Posts in '2019'

The Trussell Trust responds to the Spring Statement

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Responding to today’s Spring Statement from the Chancellor, the Trussell Trust’s chief executive Emma Revie says,

“We’re disappointed by today’s Spring Statement, which does not end austerity as promised. The Chancellor has missed a real opportunity to do the right thing and give people on the lowest incomes financial support and certainty before Brexit.

“Our benefits system was created to make sure proper support would be in place for each other when help was most needed. But right now, more and more people across Britain are struggling to make ends meet, unable to afford food and facing hunger as a result. This isn’t right.

“We have seen a record demand in food bank use – our network gave out 1.3 million three-day parcels in the last year, a 13% increase in need. The key driver for this rise was incomes not covering the cost of essentials – and the majority of these incomes came through benefits.

“By failing to end the benefits freeze and five week wait for Universal Credit, thousands more people will become trapped in poverty and may be forced to a food bank as a result.

“The Government needs to put money back into the pockets of people who have lost the most to austerity. Ending poverty and hunger in the UK shouldn’t be sidelined – the time to act is now.”

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Contact: The Trussell Trust press office on 020 3137 3699.

 

Notes to Editor:

The Trussell Trust’s #5WeeksTooLong campaign is calling for an end to the 5+ week wait for Universal Credit.

Information about Universal Credit and foodbank use is available here.

 

About The Trussell Trust:

  • The Trussell Trust is an anti-poverty charity that supports a network of more than 1,200 food bank centres across the UK.
  • In 2017-2018, 1,332,952 three day emergency food supplies were provided to people referred to food banks in the Trussell Trust’s network, a 13% increase on the previous year. Over a third of supplies (484,026) went to children.
  • It takes more than food to end hunger. The Trussell Trust therefore does three things: supports its network to provide emergency food to people referred; helps food banks to provide on-site additional help or signpost people to relevant local charities to resolve the cause of  referral; and brings together the experiences of hundreds of communities on the front line to challenge the structural issues that lock people in poverty, and campaign for long-term change so we can see a future without the need for food banks.
  • Read more at trusselltrust.org
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Next week the Chancellor has the opportunity to reduce food bank use – will he take it?

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A blog post by
Abby Jitendra
Policy & Research Manager

 

Last year, the Prime Minister told the nation that austerity was over. But food banks, and the growing number of people who need them, will need convincing.

So far, the Government’s attempts at protecting people in poverty have been piecemeal. Rather than bold action to end austerity, the last Budget made some cash available for some very low paid working households on Universal Credit, but still left millions worse off.

This support won’t go far enough to reduce the record demand food banks have seen – our network gave out 1.3 million three-day parcels, a 13% increase in need, in the last financial year.

And yesterday, the Office for National Statistics reported that the average incomes of the poorest fell over 2018, while the average incomes of the richest rose. They singled out austerity as the main cause of this rising inequality.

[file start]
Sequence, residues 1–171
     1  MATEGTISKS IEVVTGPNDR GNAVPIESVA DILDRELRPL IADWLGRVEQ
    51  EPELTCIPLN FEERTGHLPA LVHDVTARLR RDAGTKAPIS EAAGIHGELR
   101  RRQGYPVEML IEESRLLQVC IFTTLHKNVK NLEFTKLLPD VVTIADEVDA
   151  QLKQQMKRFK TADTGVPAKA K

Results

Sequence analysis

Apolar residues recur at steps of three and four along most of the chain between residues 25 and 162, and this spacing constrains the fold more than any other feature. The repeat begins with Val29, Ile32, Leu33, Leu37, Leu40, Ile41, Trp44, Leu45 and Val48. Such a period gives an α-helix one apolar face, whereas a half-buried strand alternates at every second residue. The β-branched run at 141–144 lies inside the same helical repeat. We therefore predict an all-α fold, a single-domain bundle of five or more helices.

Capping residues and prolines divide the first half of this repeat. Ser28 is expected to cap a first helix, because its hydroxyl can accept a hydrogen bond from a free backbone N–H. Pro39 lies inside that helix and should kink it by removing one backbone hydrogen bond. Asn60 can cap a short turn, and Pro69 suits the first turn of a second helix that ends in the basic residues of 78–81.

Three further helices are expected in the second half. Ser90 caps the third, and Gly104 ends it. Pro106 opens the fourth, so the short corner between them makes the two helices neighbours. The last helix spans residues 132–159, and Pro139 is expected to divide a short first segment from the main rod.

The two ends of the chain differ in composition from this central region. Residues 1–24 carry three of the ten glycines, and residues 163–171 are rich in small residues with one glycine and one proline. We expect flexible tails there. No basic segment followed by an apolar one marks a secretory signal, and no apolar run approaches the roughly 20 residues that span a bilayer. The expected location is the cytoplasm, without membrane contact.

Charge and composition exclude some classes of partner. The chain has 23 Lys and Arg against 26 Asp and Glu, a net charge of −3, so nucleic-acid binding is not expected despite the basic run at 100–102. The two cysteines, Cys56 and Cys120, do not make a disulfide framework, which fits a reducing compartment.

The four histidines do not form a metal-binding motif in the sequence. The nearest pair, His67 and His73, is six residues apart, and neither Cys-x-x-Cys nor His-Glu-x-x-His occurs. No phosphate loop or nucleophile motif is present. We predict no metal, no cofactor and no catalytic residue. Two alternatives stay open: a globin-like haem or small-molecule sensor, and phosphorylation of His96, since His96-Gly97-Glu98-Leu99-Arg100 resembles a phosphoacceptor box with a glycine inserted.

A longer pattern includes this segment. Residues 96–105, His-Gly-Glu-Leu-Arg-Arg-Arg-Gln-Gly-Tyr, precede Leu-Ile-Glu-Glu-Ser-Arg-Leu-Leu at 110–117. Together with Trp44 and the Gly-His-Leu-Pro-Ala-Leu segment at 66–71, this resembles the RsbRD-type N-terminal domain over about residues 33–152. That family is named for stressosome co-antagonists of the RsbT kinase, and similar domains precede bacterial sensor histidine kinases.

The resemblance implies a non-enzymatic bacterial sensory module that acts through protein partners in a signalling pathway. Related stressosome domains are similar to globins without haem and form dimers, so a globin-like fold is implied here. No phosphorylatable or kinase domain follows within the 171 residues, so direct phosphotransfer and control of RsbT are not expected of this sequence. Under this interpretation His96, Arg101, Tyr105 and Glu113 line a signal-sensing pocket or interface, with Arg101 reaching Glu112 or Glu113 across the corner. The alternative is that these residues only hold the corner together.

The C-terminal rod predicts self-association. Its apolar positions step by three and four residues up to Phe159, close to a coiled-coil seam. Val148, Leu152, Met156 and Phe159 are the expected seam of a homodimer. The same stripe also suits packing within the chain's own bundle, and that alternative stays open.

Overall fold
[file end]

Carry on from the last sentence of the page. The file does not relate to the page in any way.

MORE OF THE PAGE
We created our benefits system to help people trapped in poverty, but without enough funding to get people back on their feet, the current system locks people in.

 

What do we need from the Spring Statement?

The Chancellor has played down the impact of the upcoming Spring Statement, calling it a ‘holding statement’.

But it’s easy to see why we are hoping for better news. It’s the Government’s last chance before Brexit to offer support and certainty for people on the lowest incomes. And it’s a chance to show real intent to end austerity as promised.

 

These are two important changes we’ll be asking for. 

 

  1. An end to the benefits freeze

We are entering the fourth year of working-age benefits being frozen at the level they were at in 2016.

This time last year we found that the key driver for the rise in need for food banks was that incomes were not covering the cost of essentials – and the majority of these incomes were through benefits. That’s also when we saw food prices increase, just as payments were stagnating – meaning a family was spending more to eat less.

A year on, we know that 200,000 people have already been pushed into poverty by the freeze so far. Families with children, particularly single parent families, are disproportionately affected – these are also the groups most likely to need a food bank’s help.

We, along with other charities and MPs across the political spectrum, are calling for the freeze to be ended before it causes more harm.

 

  1. An end to the five week wait for the first Universal Credit payment:

We know that the five week wait can push people into needing a food bank’s help. People on the frontline have been telling us since the policy was rolled out.

One mum responding to our survey on the experiences of claimants described the impact of the wait on her and her family:

‘I have fallen into debt, juggling a lot [with] my three children. My anxiety and depression have returned, well never really went away, but I feel like it’s gotten a lot worse. [I] can’t breathe with worry, very little money left, sometimes going hungry…’

We know that the Department’s offer of a loan during this wait simply doesn’t go far enough and repayments can push people into financial difficulties – effectively leaving a choice of hardship now or hardship later.

Since we launched our campaign #5WeeksTooLong, we’ve seen a groundswell of support from food bank managers and volunteers, people who have been affected by the wait, and the public, all calling for it to end.